Get beef or pork bones from your butcher and ask him to saw them up.


If you have a roast chicken regularly, reserve the spent carcass in your feezer untill you have 4-5. Then get out your kotlich, light your fire and start making magic. Your kotlich is perfect for long broth cooking, you’ll have no smell or steam in your kitchen. Simmered slowly with the herbs and vegetables the bones will release flavour and marrow into the pot, and the minerals of the bones dissolve into the golden yellow liquid. A good broth will solidify when chilled and will add a fantastic depth of flavour to soups and casseroles.

bones for your broth


Butchers bones or Chicken carcasses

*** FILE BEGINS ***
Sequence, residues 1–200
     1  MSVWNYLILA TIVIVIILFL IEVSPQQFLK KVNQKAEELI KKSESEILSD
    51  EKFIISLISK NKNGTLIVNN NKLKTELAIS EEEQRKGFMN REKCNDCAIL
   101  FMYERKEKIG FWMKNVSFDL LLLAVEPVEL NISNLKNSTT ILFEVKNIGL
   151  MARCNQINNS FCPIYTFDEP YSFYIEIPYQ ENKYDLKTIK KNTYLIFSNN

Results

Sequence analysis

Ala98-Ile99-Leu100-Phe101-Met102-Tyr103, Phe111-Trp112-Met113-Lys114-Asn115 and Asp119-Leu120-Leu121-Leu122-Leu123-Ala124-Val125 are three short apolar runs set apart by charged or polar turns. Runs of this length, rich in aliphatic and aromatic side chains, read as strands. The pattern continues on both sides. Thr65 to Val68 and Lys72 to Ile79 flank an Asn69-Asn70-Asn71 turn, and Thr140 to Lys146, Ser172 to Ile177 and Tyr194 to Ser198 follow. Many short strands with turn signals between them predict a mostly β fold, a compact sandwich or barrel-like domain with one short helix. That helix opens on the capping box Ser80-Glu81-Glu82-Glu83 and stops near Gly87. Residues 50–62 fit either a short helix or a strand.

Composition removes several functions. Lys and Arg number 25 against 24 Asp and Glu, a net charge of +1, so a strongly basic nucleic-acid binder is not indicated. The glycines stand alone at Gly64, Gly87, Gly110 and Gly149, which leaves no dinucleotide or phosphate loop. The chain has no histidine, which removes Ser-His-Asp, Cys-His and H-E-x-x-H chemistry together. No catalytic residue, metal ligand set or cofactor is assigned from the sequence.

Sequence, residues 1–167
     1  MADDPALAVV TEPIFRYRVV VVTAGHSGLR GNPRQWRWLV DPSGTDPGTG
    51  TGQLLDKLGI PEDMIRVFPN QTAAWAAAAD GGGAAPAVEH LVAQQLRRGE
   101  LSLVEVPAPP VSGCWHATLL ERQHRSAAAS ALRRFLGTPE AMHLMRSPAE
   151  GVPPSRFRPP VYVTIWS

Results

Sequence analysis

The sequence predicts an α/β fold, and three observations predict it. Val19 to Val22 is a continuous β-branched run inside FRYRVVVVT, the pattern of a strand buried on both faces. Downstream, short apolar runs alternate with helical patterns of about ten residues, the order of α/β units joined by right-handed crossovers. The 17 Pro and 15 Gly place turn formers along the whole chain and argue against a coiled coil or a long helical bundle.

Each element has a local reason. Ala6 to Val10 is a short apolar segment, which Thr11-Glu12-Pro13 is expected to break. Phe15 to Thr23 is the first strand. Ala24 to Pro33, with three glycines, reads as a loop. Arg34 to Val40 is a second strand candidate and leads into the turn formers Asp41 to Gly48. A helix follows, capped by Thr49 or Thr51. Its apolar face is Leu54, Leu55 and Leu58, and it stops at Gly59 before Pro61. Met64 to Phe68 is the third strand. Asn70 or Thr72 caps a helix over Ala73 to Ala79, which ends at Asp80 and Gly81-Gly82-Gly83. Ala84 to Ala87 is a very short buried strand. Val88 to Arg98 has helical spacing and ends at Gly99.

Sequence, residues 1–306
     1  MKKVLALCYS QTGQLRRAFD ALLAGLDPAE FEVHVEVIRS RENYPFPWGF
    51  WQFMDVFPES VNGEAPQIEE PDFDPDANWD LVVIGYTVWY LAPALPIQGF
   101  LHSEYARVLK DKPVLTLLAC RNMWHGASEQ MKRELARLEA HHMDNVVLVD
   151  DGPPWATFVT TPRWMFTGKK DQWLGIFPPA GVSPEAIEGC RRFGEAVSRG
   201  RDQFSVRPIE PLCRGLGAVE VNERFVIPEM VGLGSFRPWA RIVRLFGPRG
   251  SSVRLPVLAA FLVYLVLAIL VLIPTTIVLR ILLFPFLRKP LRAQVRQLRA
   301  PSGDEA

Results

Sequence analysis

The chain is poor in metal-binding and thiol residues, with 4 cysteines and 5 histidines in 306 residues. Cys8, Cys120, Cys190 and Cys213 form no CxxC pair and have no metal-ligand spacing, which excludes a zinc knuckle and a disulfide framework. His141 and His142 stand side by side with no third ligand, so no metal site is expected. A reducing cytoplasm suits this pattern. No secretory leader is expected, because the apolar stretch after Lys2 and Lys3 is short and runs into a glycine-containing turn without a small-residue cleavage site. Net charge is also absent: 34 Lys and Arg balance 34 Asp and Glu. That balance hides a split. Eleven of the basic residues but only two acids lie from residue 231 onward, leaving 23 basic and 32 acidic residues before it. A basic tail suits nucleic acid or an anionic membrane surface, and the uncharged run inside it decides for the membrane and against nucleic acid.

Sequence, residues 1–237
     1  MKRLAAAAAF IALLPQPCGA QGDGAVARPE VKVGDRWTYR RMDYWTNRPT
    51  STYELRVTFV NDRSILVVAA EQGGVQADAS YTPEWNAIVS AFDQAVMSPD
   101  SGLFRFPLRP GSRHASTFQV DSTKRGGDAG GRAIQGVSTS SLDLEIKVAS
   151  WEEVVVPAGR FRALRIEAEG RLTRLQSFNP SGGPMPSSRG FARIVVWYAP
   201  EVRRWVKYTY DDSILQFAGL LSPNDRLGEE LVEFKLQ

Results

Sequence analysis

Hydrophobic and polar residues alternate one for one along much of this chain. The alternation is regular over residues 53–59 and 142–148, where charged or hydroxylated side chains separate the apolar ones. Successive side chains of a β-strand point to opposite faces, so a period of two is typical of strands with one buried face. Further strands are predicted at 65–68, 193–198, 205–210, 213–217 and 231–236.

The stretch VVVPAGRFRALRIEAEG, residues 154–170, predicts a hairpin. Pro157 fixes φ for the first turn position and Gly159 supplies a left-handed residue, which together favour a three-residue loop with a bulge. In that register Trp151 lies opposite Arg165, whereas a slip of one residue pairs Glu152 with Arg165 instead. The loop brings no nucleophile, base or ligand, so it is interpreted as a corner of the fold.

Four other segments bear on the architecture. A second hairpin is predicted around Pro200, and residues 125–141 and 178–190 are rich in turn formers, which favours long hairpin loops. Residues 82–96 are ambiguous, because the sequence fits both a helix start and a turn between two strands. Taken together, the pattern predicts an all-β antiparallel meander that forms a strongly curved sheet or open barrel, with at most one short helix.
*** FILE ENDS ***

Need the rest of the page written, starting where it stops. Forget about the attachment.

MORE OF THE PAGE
Onions peeled and roughly chopped

Ribs of celery roughly chopped

Carrots peeled and cut into chunks

A tablespoon of black pepper corns

Few sprig of fresh thyme

Few bay leaves

Few sprigs of parsley

Small glass of wine or splash of vinegar

Cold water to cover


Light your fire in the firepit, you’ll need a bigish fire to heat the water up to simmering point. Put all the ingredients into the kotlich and fill up with fresh water to just cover all the ingredients. Bring to a boil giving it a stir now and again, then adjust the pan height with the chain and hook so that the broth is just simmering. If you have a lid you can use it, or cover the pan loosely with a sheet of foil. Failing this you will just need to make sure to keep the water topped up as it slowly evaporates. 

All you need to do now is keep an eye on the fire and add another log now and again for the rest of the day. 10-12 hours is good if you have the time. 

Strain the broth, then store in jars or bags in the freezer in 500ml portions. In the fridge it will keep for a week.

bone broth